By Lynn Stanton, TR Daily

State and federal government programs to develop maps of broadband service availability at a granular level must overcome objections by carriers to revealing what they view as proprietary information, although carriers may actually find the resulting maps beneficial, panelists at the Broadband Census for America Conference said today.

Speaking at the conference held at the Washington office of the American Association for the Advancement of Science, Art Brodsky, director-communications at Public Knowledge, criticized the carriers’ objections to broadband mapping projects by questioning the proprietary and competitive value of information on where carriers have already deployed broadband services. He noted that carriers are not being asked about future deployment plans, which would more clearly involve competitive concerns.

Drew Clark, executive director of BroadbandCensus.com, which was one of the sponsors of the conference, noted that the FCC and carriers have objected to attempts to obtain underlying carrier data on broadband deployment submitted to the FCC, arguing that disclosure causes competitive harm by permitting new entrants to better target those areas lacking broadband competition. Because the data submitted to the FCC has not been made publicly available, BroadbandCensus.com and others, including the Communication Workers of America’s Speed Matters program, have resorted to obtaining information directly from consumers, a process Mr. Clark termed “crowd-sourcing.” By submitting information on their own service at a particular location, and taking download and upload speed tests, individual users can participate in the development of broadband maps or databases.

Mr. Clark said the three purposes of BroadbandCensus.com are to aid the process of competition, serve policy-makers, and aid consumers.

Mark McElroy, chief operating officer of Connected Nation, said that a mapping program will be beneficial if it’s relevant to consumers, in that the map can tell them if they can get broadband at home; if it’s relevant to providers, in that it can let them know where and why they should extend their networks; and if it’s relevant to increased digital literacy, in that it can be used in conjunction with an effective demand stimulation effort.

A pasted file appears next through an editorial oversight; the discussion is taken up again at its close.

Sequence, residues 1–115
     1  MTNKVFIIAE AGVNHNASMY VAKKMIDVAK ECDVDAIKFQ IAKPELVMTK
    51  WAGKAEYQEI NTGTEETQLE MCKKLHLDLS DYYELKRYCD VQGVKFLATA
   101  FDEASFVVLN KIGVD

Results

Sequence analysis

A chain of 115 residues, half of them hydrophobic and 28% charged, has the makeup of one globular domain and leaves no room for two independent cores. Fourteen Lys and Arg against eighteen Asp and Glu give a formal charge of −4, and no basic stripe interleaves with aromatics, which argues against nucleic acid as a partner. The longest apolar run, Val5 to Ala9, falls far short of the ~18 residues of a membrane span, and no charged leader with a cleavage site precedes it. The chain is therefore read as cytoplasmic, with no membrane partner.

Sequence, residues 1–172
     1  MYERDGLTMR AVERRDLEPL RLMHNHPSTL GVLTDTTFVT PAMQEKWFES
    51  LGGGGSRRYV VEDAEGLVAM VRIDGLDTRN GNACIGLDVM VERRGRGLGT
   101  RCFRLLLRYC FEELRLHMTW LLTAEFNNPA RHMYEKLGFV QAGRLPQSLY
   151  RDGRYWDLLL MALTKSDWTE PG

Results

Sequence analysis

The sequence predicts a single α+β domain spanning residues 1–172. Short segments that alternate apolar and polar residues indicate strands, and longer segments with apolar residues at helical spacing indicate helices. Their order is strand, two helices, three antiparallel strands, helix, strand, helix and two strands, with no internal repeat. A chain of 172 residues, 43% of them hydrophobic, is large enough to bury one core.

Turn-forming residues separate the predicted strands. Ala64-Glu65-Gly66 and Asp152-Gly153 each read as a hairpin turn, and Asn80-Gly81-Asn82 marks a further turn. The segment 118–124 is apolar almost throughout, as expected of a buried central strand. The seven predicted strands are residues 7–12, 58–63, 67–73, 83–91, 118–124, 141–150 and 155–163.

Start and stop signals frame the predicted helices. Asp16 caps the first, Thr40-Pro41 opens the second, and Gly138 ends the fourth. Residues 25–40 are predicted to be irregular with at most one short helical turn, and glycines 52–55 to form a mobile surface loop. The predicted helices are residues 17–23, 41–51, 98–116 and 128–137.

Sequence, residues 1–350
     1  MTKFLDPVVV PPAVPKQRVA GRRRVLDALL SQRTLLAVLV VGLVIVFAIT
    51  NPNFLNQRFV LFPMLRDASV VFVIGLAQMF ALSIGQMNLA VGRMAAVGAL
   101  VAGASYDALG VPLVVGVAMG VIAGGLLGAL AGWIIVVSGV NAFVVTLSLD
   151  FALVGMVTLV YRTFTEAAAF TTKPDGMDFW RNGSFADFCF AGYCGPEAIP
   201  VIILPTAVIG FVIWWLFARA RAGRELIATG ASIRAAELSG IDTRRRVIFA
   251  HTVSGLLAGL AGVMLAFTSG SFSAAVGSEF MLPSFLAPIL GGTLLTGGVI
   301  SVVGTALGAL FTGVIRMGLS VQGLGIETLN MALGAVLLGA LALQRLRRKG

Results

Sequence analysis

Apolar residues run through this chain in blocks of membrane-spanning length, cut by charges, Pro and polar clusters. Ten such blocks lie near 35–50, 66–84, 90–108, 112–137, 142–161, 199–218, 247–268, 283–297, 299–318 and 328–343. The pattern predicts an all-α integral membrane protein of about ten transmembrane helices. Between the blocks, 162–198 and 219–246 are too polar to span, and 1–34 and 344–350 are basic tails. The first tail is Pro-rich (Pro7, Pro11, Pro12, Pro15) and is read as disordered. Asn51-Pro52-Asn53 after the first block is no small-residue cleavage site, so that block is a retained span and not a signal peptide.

Debbie Goldman, coordinator of the CWA’s Speed Matters, said that in developing broadband mapping and deployment policies, “the states are the laboratories because unfortunately we don’t have a national policy.”

Kenneth Flamm, a professor of public affairs the University of Texas-Austin, said that collecting information on broadband use “is a job actually for the federal government and the federal statistical agencies,” but that they lack adequate funding and don’t do a good job of keeping up with relatively new services. “There shouldn’t be an argument about whether the government going out to try to measure the state of the market is somehow infringing [on private companies] . . . There’s no private-public conflict here,” he added.

A member of the audience suggested the Internal Revenue Service and private online tax-filing companies could capture information on broadband connection rates with an “opt-in” speed-test at the time of filing. Mr. Flamm said that was a “clever idea.”

Speaking during the closing keynote, Eamonn Confrey, first secretary-information and communications policy at the Irish Embassy in Washington, explained his country’s broadband initiatives, which include its broadband.gov.ie website. The overall purpose of the site is to help consumers and small business, he said. While customers cannot order broadband service on the site, it does include links to broadband providers in their area. It also has a tool to check if digital subscriber line (DSL) service – the principal nonmobile broadband technology in Ireland – is available at the user’s fixed-line phone number.

The website also allows consumers “to register their demand for broadband,” so providers can see where there is demand.

“Initially, there was a lot of resistance from larger providers” to listing their services on the website, which is a voluntary process for providers, Mr. Confrey said. Eventually, however, they came to see it as a competitive disadvantage not to be listed there. The website “has proved to be a win-win for provider and consumer alike,” he added.

The government also recently launched a national broadband scheme to reach the remaining 10% of the population that does not have broadband service available, Mr. Confrey said. The government provides funding to induce broadband in those areas while setting requirements to ensure that “the winning company won’t be able to cherry-pick” within the contracted area.

Mr. Confrey emphasized that the Irish government views broadband deployment as “an economic competitiveness issue for us,” as the country seeks to retain employers like Yahoo, Inc., and Google, Inc., that are attracted by an English-speaking, “fairly well educated” workforce in Europe. “You simply won’t retain that kind of investment without the infrastructure,” he added.

- Lynn Stanton, lynn.stanton@wolterskluwer.com

TR Daily, September 26, 2008

Copyright © 2008, Telecommunications Reports International, Inc.

Go to Top